The big interview: James Milner – “My dad banned me from wearing red – I was brought up to dislike Manchester United!”

James Milner interview
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What is Jurgen Klopp like to play for?

Dan Hudson, via Instagram

He’s a very good manager. You can see that by looking at what he’s done with this team; how we play together and work for each other. He’s got the fiery side but also the ‘Klopp hug’, as I think it’s known.

A few times, he has lost his head when we haven’t played well, but he’ll surprise you: there are times when things aren’t going badly and he still loses it, and times when you think he’s going to, but he doesn’t. He’s the judge of that and he normally gets it spot on. He loves the game and wants to win.

Did you enjoy your year at left-back? Personally I felt you did well!

Danny Chandler, via Facebook

No, I didn’t enjoy it, to be honest – but you do whatever’s asked of you for the team. The manager asked me to do it and I did it to the best of my ability. It’s not my best position, and hopefully I’ve shown that playing in midfield before and after, but if the manager asks you to play somewhere, you just do it. I told him that I didn’t particularly want to do it, but the team comes first.

I think the first time I had to play at left-back was at Manchester United in the Europa League – Alberto Moreno was injured and the manager gave me a choice: did I want to play at left-back or right-back? My answer was, “That’s like asking which one of these guys do you want to spend a night with your missus?!” His English wasn’t that good then, so I think it went over his head!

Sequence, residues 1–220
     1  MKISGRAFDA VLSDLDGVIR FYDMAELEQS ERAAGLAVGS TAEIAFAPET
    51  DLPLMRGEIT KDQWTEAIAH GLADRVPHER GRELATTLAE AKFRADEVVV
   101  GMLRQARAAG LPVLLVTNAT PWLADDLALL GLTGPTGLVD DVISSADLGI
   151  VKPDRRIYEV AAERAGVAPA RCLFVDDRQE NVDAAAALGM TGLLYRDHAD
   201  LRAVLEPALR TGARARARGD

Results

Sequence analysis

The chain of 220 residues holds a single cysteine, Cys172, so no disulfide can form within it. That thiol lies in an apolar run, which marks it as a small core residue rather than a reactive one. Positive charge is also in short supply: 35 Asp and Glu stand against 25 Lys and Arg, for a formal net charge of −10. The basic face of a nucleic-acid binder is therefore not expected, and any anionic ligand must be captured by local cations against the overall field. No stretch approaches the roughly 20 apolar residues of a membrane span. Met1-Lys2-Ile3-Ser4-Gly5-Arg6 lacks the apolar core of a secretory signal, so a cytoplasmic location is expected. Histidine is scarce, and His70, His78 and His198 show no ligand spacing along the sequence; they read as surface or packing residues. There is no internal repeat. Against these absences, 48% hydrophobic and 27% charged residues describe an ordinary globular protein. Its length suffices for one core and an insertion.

You’ve said that the only position you haven’t played is goalkeeper. Would you do it in an emergency?

Kyle Chester, Huyton

A million per cent, I’m there. It’s the only one to tick off; I’ve done every outfield position! I’d definitely put my hand up – you’ve got to be a little bit crazy, haven’t you? The only problem would be my height – other than that, I’d stick my head in where it hurts!

Do you think Loris Karius will bounce back after his mistakes in this year’s Champions League final?

louisgoodwin02, via Instagram

Everyone makes mistakes in football, and unfortunately as a goalkeeper it’s part of your life: if you make a mistake, it ends up in the net. It’s something he'll learn from. He’s a strong character… He will bounce back, and he’s shown that already in his career – he was at Man City and it didn’t work out, but he went away, worked really hard and now he’s playing for Liverpool, one of the biggest clubs in Europe. It shows what he’s all about and I’m sure he’ll do that once again.

To lose a Champions League final was tough. Getting that far and that close is not really something you will ever forget. People ask me, “Are you over it yet?” and I don’t think it ever does leave you, being that close to something that big and not achieving it.

After reaching the Champions League final, can this be Liverpool’s year to win the league?